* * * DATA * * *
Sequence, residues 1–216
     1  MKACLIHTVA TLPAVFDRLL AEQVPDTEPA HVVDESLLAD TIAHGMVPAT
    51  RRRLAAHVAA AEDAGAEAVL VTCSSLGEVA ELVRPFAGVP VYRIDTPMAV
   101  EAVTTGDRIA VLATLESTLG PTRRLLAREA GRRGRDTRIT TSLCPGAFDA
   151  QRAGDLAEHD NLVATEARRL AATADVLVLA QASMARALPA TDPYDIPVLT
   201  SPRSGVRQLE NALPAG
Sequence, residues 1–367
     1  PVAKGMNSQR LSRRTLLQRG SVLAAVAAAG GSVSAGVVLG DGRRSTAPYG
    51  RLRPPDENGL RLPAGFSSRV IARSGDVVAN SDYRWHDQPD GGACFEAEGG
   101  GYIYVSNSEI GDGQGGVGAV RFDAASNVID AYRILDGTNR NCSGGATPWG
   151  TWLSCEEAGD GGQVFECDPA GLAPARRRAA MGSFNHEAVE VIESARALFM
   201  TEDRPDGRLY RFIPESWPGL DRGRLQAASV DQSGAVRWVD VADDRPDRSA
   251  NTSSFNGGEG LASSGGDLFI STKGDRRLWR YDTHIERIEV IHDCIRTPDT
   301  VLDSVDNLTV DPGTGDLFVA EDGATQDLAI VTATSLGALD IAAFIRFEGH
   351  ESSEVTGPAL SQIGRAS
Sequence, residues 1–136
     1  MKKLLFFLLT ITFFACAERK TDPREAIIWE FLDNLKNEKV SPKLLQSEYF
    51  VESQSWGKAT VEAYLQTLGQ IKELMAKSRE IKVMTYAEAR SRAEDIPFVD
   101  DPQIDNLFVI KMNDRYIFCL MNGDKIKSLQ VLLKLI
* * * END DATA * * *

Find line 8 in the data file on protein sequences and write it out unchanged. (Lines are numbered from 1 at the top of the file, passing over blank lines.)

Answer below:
     1  PVAKGMNSQR LSRRTLLQRG SVLAAVAAAG GSVSAGVVLG DGRRSTAPYG